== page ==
Propeller controlled doorbell

I'm looking to use a propeller to control a doorbell through an uln2003. I'm going to running the doorbell solenoid at 12v...will the uln2003 provide enough protection between the the solenoid and the propeller chip?

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  • JonnyMacJonnyMac Posts: 5,870
    edited October 10 Vote Up0Vote Down
    It will be fine if what you're driving meets the current rating of the ULN. At EFX-TEK, we have a Propeller-base controller than uses the ULN2803 as the output driver. Make sure that you connect the doorbell to the output such that the internal flyback diodes can work. It is okay to gang channels together; we've done that a couple times with our little controllers that have ULNs on the outputs.

    Do keep in mind that the ULN2x03 has about a 1.4v drop from ground to collector; this may affect your output.
    Jon McPhalen
    Hollywood, CA
    It's Jon or JonnyMac -- please do not call me Jonny.
  • We use a 3.3 Volt relay from omron (G6KU-2PY 3DC) (=33mA of the max 40mA/pin )
    Try to find the model with highest solenoid resistant
  • Perhaps it's because I'm old, but I'd be nervous about attaching any relay directly to an IO pin -- I'd toss in an n-channel FET to switch the load.
    Jon McPhalen
    Hollywood, CA
    It's Jon or JonnyMac -- please do not call me Jonny.
  • At the very least you'll need some shottky's to protect the pin's protection diodes, and be sure
    the 3V3 supply has enough decoupling that kick-back doesn't raise its voltage excessively.

    A dual MOSFET + diodes + bistable relay can work quite well, I've used this in a circuit running from
    1.5mA total at 12V+, you need enough capacitance to hold up the rail during the bistable relay
    pulses, and run microcontroller slow.
  • I like JonnyMac's solution, however you could use a TIP120 and isolate the Solenoid voltage from the Propeller and use a GPIO from the Propeller to drive the base of the TIP120 separated by a 1K resistor. Adding a 5 volt regulator would give you the voltage for the Propeller from the solenoid voltage. Using something like a 1N4001 diode across the solenoid would be a good idea as well.
  • Relays or monster TIP120s are totally unnecessary. The ULN2x03 will be fine but remember that it has a high Vce(sat) of around >1.5V since it is based on Darlingtons and really the ULN2xxx series were designed for pulsed outputs and so the outputs have to be derated if you try to run one output at a high current continuously (RTM). I haven't bothered with using these chips for many years now as it is more convenient to use discrete digital transistors with very low Vce(sat) so they are very efficient but there are also MOSFETs in small SOT23 packs that can handle a few amps too. Of course you don't need to use such small packs but by way of comparison even these little beasts are more rugged than the transistors in the ULN2x03 part. Don't forget to use a diode across the coil, the more direct and closer the better.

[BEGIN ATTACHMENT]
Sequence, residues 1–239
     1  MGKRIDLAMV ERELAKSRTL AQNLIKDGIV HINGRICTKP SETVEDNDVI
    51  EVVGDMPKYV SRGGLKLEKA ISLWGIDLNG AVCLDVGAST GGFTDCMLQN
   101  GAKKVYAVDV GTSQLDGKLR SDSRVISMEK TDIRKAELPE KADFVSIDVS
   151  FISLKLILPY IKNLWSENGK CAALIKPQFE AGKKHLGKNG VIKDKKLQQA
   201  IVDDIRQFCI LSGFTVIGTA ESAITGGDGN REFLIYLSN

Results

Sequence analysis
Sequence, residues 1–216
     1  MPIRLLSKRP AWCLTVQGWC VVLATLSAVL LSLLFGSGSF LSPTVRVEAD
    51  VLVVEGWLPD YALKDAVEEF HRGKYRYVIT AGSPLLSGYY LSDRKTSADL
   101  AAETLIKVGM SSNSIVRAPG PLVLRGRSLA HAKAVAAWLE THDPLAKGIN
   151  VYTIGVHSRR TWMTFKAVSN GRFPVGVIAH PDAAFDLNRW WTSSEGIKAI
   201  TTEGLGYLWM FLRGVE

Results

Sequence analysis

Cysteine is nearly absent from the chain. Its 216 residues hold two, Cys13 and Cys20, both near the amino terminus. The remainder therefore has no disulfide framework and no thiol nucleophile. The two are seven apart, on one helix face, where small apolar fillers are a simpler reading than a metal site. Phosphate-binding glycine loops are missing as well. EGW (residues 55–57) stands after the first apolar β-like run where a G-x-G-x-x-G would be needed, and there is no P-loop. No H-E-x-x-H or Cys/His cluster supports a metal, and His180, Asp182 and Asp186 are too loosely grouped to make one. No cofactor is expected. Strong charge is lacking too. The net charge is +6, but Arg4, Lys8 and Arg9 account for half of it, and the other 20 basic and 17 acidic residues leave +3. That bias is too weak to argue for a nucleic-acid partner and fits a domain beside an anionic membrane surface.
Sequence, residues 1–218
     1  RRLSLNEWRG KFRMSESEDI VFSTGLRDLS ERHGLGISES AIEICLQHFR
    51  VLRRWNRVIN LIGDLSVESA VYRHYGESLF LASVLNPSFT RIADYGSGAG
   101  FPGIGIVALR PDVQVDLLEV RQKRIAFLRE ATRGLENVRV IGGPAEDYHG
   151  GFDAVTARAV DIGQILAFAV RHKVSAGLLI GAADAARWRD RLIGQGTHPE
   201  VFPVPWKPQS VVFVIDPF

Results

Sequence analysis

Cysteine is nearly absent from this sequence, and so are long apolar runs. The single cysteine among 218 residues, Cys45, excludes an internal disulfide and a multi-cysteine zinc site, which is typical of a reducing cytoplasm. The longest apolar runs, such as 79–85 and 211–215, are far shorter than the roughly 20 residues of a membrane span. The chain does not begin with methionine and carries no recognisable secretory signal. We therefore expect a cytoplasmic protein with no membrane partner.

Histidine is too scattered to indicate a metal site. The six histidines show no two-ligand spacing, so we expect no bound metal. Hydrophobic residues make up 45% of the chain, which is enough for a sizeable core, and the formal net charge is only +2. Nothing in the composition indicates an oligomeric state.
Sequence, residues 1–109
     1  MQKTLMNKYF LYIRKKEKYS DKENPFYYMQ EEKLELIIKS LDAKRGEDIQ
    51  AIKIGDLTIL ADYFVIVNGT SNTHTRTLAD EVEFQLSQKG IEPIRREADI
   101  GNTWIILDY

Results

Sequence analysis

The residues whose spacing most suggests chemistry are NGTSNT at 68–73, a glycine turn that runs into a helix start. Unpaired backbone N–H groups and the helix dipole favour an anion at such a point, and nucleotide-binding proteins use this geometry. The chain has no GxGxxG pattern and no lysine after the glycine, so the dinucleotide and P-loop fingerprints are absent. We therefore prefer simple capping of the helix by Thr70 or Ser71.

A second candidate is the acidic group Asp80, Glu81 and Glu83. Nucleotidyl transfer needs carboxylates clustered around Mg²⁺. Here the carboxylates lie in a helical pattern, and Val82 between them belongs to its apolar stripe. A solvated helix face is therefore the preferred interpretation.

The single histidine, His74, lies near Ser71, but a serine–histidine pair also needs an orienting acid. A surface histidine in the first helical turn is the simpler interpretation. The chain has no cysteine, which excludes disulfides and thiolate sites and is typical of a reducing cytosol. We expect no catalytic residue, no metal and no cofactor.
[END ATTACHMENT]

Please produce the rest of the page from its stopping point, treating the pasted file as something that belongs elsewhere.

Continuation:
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  • tonyp12tonyp12 Posts: 1,872
    edited October 10 Vote Up0Vote Down
    A doorbell like pictured below?
    They use 16volt (10w) transformer, so it's pretty low voltage.

    Are you using 16VAC?

    If DC, you could use a mosfet.
    A 50cents MCU could power a nmosfet-solenoid-driver on the low-side, like this one:
    http://www.mouser.com/ProductDetail/ON-Semiconductor/NUD3124LT1G/?qs=sGAEpiMZZMshyDBzk1/WizSW%2bwlCH/hM25spW3xjdko=
    Internal Zener Eliminates Need for Free−Wheeling Diode.

    366 x 284 - 34K
  • If you are referring to a doorbell, then why not use a speaker and tiny amp IC, and drive from an audio file in the prop. Ie a musical doorbell.
    Else are you referring to an electronic lock.
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  • Cluso99 wrote: »
    If you are referring to a doorbell, then why not use a speaker and tiny amp IC, and drive from an audio file in the prop. Ie a musical doorbell.
    Else are you referring to an electronic lock.

    I think it's the classic electric striker "ding dong" type which some people prefer.

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  • Thank you for all the replies...tonyp12 that is the correct doorbell. This forum is amazing. You guys rock. Thanks again
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